Many of our Romanian traditions are related to the major public holidays like Easter and Christmas. The Romanian traditions vary from one region to another, but the main features remain the same.
If you’re invited to a Christmas or Easter lunch/dinner, be prepared to shake a lot of hands and enjoy even more kisses – on both cheeks. The holiday menu in Romania gets to be extremely consistent. In short – be prepared to eat a lot. The food preparation for holidays takes usually a few days, and most of the recipes are passed from one generation to another. Most of the time the first day of Christmas or Easter is celebrated with family, and the following days with friends.
Romanian Christmas Traditions
The Romanian Christmas is all about decorating the Christmas tree in the Christmas Eve, usually with cups of hot chocolate or mulled wine around. Listening to carols is almost mandatory. Receiving carolers that wander from door to door is also part of our local tradition.
If we are about to bring in the food matter, the pork dishes rule our Christmas. The most popular Christmas dishes are ‘sarmale’ (meat rolls in cabbage leaves), ‘caltabos’ (blood sausage/pudding), ‘toba’ (meat loaf), beef salad, pork meat jelly, ‘cozonac’ (Romanian sponge cake). All of them are mostly made out of pork. Except for the cake. We don’t add pork to the cake. Not yet…
Romanian Easter traditions
The Romanians tend to be more religious on Easter. Many locals go to churches on the night of Holy Saturday (Easter Eve) to attend the service of light. The Easter candles ceremony is beautiful to watch, especially as Romanians keep the Easter candles as a symbol of protection.
If we are decorating the tree on Christmas, we have to decorate something as well for Easter. And we decided that will be the Easter eggs. Most Easter eggs were being painted red (symbolize the blood of Christ shed on the cross) and decorated with lovely traditional motifs. Nowadays, we love the paint them in just about every color we can think of.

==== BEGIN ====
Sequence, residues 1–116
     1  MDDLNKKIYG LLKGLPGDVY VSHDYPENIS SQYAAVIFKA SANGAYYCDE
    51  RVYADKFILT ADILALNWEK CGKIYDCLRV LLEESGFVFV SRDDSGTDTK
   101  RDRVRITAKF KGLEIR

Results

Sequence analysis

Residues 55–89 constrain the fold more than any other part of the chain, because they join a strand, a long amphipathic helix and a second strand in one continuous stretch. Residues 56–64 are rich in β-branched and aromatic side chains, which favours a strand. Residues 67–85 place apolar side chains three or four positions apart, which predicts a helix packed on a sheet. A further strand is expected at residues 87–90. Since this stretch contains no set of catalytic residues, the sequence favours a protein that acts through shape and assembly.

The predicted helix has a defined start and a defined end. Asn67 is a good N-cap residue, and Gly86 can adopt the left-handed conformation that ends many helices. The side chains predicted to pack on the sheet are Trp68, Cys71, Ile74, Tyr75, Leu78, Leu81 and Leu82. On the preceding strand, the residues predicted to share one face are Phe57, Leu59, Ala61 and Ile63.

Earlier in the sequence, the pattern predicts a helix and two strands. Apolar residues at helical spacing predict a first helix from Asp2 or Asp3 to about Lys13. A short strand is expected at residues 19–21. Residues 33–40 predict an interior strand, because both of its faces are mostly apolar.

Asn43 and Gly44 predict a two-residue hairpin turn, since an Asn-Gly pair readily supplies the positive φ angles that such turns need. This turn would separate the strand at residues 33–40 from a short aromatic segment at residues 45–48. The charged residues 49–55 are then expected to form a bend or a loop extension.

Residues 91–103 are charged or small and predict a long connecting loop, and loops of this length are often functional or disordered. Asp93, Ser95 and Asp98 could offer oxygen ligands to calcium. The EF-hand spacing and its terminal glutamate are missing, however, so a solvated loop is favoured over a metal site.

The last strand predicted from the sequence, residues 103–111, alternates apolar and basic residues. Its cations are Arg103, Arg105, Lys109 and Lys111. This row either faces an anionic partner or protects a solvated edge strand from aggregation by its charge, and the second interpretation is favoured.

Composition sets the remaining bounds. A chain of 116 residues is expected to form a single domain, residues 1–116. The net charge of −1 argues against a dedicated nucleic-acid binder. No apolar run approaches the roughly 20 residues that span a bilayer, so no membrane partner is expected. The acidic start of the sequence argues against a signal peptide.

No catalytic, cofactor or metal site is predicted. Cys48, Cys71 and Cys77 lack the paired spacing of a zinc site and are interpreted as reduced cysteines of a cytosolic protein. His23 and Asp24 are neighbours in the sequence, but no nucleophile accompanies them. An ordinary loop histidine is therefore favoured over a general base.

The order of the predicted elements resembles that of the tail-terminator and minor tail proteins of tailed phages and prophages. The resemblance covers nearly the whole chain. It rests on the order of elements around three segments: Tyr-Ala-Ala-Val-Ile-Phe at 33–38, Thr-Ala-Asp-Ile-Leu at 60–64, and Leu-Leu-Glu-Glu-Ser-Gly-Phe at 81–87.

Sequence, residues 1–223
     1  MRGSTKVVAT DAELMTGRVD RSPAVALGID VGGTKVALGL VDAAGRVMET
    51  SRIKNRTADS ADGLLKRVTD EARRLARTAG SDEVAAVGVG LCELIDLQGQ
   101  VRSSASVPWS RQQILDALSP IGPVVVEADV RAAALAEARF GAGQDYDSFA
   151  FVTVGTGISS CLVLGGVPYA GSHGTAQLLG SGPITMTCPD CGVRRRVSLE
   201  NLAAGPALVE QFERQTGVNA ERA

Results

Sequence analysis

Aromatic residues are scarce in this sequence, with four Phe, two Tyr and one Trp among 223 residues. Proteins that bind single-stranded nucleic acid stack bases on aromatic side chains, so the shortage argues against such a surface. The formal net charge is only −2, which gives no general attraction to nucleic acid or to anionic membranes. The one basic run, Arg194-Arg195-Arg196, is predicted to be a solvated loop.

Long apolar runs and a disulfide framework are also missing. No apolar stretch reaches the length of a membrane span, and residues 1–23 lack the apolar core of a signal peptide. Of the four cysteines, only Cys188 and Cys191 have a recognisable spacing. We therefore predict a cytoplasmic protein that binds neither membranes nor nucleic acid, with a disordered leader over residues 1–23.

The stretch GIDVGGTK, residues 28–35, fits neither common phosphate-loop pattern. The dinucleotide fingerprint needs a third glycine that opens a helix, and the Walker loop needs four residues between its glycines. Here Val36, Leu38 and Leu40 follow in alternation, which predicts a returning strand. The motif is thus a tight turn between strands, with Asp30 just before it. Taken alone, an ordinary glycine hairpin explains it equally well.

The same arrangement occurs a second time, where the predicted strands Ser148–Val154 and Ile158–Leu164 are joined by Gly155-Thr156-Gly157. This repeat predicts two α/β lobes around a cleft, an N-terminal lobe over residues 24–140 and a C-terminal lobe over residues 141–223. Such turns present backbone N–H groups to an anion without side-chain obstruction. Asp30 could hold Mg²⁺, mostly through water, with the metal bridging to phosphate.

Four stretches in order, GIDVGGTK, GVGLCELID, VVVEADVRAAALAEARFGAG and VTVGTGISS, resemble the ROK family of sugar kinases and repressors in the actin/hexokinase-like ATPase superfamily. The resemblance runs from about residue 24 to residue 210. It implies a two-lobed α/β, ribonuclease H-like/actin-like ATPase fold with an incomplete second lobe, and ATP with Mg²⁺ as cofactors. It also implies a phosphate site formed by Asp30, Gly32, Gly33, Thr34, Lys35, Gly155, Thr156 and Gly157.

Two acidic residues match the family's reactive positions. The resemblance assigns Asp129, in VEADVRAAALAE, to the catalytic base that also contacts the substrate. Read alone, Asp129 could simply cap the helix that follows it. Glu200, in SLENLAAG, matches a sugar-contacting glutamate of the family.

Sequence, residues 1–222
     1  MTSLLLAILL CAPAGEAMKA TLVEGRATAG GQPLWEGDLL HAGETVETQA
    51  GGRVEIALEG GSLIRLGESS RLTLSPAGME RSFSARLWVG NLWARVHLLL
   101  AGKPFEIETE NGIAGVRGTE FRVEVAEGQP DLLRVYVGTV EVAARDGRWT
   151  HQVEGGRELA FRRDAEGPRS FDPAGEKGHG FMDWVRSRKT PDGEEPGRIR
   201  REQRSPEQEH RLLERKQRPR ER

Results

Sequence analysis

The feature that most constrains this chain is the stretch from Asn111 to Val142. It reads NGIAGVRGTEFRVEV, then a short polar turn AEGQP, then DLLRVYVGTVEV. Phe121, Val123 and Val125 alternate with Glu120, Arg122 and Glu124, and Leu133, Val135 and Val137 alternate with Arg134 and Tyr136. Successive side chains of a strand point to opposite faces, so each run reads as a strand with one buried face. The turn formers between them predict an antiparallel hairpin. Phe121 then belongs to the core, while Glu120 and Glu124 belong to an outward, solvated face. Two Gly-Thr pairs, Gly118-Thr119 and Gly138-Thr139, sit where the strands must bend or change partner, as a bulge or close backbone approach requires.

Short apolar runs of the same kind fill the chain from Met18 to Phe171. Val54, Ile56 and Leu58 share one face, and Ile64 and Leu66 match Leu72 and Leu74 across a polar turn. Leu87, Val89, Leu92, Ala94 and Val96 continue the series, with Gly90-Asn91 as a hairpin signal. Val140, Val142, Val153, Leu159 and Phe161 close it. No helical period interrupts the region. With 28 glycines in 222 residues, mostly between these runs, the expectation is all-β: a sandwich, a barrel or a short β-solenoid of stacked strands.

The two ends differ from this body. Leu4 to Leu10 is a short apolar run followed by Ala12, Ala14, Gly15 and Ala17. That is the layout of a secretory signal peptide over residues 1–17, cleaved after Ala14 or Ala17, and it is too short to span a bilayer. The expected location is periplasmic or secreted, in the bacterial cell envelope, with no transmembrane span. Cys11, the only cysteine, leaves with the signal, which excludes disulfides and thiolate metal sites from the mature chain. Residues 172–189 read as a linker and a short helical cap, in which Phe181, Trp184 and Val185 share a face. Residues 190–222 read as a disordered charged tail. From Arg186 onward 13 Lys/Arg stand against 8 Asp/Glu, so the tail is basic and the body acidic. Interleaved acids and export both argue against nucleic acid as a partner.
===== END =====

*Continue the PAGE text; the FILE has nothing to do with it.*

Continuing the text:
Romanians love to play egg cracking on Easter – each player holds a boiled & painted egg and taps his egg against the end of the other player’s egg. The goal is to crack the opponent’s egg. The first player will always say ‘’Christ is Risen!’’, while the second player answers with ‘’Indeed He is risen!’’. This is actually the way Romanians greet each other on Easter and shortly after.
When it comes to food Easter is all about lamb dishes. If you get to be invited to lunch, you’ll most probably have some lamb borsch, lamb steak or lamb haggis (called ‘drob’). Enjoy the local wine, and always save room for dessert – the Romanians like to have a good slice of sponge cake or sweet cream cheese cake we call ‘pasca’. As the Easter takes place in the warm & lovely spring, be also prepared for some outdoor activities like picnics or barbeques. Pack some light clothes and comfortable shoes ;).
Featured photo source: http://www.ziardecluj.ro.